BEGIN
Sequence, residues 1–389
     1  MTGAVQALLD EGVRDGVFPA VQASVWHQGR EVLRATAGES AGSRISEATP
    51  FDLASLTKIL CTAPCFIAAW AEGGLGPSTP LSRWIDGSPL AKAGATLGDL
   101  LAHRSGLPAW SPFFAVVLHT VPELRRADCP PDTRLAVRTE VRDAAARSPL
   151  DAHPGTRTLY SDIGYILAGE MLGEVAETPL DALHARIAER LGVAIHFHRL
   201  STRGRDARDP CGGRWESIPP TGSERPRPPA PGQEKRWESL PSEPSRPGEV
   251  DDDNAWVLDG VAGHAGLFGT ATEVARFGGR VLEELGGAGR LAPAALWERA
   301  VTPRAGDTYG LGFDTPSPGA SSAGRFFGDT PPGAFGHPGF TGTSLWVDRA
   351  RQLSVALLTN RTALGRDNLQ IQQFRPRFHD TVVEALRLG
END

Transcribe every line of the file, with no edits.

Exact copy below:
Sequence, residues 1–389
     1  MTGAVQALLD EGVRDGVFPA VQASVWHQGR EVLRATAGES AGSRISEATP
    51  FDLASLTKIL CTAPCFIAAW AEGGLGPSTP LSRWIDGSPL AKAGATLGDL
   101  LAHRSGLPAW SPFFAVVLHT VPELRRADCP PDTRLAVRTE VRDAAARSPL
   151  DAHPGTRTLY SDIGYILAGE MLGEVAETPL DALHARIAER LGVAIHFHRL
   201  STRGRDARDP CGGRWESIPP TGSERPRPPA PGQEKRWESL PSEPSRPGEV
   251  DDDNAWVLDG VAGHAGLFGT ATEVARFGGR VLEELGGAGR LAPAALWERA
   301  VTPRAGDTYG LGFDTPSPGA SSAGRFFGDT PPGAFGHPGF TGTSLWVDRA
   351  RQLSVALLTN RTALGRDNLQ IQQFRPRFHD TVVEALRLG